Relatedly, when asked which are the most significant factors in achieving success, the number one factor noted in both 2018 and 2019 remains “well qualified grant management staff.” And the second most important factor is “effective training/technical assistance for grantees.”
Grant managers are not happy with their technical capabilities nor with their ability to measure performance, and they view data sharing and automated federal and state interactions as their highest priority. A unified portal for grant recipients to use as they interact with all federal grantors is viewed by many as the innovation that can bring the most improvement across the board going forward. In fact, 56% (71 of 126) of the respondents who identified their highest opportunity for improvement selected “a unified portal for grant recipients to use as they interact with all federal grantors” as the opportunity they found most promising. Grantees, whether they are states or nonprofit organizations, typically receive grants from multiple federal agencies, and one federal portal for all federal grants’ transactions—from the requests to final reporting—could be invaluable in reducing administrative costs. The second most frequently volunteered opportunity was “data standards for grants management,” cited by 31 of 126 respondents (25%).
Fortunately, the federal government has been devoting time and thought to such data standards. Likewise, we believe a unified portal presents an important opportunity for grant recipient burden reduction, but it cannot happen without coordination across agencies at the federal level.
*A note about methodology: The survey, conducted in October 2019, relied on voluntary, self-reported responses from federal, state, and local government grant managers, as well as those in non-profit and some private sector roles. A link to the survey was sent out by multiple organizations, so it is impossible to know how many people received the link. Thus, those invited to respond did not constitute a statistically representative sample of grant managers. There were 309 respondents. This self-reporting method has two key weaknesses regarding estimation of administrative costs: (a) We did not provide a clear and complete standard chart of accounts that would have helped ensure that every respondent defined administrative expenditures to include the same items; and (b) We did not validate responses using data from accounting records or from an independent audit, nor do we believe that most respondents relied upon those credible and valid sources. We suspected that such data validation requirements would have dramatically reduced the number of persons willing to take the time needed to respond to this survey.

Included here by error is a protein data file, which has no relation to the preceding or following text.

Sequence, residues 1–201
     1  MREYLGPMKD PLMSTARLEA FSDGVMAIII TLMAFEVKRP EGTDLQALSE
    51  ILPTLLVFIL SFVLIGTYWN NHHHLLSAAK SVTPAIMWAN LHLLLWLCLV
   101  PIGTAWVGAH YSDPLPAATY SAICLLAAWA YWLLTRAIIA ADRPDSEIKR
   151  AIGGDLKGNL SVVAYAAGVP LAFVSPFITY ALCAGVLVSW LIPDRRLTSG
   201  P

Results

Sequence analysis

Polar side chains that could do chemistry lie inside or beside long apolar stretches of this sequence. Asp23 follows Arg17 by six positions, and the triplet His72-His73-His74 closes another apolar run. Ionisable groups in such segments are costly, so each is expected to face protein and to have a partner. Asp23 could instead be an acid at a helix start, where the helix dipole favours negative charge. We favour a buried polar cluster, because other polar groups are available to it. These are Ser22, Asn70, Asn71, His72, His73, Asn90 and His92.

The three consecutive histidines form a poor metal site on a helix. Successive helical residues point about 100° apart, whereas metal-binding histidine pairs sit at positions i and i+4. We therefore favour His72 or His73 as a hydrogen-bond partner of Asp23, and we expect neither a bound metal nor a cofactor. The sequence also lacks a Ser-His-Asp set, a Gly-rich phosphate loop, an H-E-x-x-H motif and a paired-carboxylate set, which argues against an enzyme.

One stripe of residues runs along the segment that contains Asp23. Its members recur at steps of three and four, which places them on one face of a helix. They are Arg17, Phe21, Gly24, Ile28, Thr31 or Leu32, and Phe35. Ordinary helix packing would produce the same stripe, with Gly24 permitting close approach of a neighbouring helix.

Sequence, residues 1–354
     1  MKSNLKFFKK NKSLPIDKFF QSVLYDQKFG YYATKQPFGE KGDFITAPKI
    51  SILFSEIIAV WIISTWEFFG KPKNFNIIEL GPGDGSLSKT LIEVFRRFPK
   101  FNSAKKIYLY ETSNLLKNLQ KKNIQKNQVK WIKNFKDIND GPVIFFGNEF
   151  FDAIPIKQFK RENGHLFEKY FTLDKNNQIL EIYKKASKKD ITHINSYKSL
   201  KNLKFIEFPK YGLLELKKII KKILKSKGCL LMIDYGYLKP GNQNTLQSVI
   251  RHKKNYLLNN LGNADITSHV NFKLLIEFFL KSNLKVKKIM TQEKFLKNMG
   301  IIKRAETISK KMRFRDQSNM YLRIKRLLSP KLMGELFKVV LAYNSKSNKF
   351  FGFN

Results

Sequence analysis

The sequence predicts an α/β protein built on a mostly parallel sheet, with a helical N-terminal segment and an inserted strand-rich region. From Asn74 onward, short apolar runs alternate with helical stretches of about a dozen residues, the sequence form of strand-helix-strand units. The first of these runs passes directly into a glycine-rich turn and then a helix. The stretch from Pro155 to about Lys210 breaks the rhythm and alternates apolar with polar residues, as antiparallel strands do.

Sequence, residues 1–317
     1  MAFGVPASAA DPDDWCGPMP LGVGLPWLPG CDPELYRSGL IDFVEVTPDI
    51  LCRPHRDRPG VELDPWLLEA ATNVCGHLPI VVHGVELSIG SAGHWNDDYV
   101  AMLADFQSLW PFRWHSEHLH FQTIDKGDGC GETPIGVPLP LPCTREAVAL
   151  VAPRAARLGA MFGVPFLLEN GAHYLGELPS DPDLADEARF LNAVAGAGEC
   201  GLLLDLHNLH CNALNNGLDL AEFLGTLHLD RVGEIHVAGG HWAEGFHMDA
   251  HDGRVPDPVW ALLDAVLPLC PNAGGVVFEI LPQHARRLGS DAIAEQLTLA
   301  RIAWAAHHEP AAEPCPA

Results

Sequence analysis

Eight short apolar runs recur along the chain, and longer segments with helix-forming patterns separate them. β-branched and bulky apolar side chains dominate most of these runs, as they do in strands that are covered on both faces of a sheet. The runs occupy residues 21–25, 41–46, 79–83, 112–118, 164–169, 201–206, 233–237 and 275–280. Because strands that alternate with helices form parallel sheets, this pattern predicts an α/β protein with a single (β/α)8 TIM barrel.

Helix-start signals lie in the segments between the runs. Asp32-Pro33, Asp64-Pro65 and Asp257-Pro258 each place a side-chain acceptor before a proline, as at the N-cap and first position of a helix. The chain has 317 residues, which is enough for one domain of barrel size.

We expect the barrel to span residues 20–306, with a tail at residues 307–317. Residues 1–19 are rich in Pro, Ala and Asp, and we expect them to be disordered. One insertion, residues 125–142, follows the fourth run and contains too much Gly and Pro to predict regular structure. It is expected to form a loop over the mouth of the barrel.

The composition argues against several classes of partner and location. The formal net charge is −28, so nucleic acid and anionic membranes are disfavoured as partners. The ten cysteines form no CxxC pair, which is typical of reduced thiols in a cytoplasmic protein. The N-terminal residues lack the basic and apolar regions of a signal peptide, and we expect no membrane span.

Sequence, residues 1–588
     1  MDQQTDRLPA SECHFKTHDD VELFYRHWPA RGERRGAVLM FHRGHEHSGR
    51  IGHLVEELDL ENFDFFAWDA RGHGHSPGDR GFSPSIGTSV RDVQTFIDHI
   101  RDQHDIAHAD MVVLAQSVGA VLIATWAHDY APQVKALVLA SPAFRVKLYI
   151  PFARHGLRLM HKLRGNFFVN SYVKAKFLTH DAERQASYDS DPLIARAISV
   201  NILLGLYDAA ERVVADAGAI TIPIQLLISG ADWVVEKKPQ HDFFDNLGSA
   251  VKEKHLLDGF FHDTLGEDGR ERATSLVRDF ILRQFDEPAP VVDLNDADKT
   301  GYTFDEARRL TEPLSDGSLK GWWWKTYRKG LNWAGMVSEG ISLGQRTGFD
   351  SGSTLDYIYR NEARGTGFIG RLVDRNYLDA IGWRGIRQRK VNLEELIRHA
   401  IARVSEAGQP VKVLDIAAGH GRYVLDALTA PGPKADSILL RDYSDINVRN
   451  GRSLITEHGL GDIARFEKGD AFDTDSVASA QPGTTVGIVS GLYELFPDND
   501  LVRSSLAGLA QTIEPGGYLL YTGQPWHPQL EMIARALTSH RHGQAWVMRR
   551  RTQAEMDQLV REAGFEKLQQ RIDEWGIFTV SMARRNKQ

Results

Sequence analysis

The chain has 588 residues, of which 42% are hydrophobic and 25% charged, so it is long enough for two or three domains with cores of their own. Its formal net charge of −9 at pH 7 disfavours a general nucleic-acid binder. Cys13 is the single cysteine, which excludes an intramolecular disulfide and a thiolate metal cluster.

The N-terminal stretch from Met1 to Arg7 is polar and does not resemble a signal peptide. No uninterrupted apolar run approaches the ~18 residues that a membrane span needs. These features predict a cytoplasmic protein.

Jeff Myers is a Senior Director at REI Systems, which develops grant management IT solutions for government agencies. Dr. Kathryn Newcomer is a Professor of Public and Nonprofit Program Evaluation, and Research Design at George Washington University. She recently completed service as the Director of the University’s Trachtenberg School of Public Policy and Public Administration.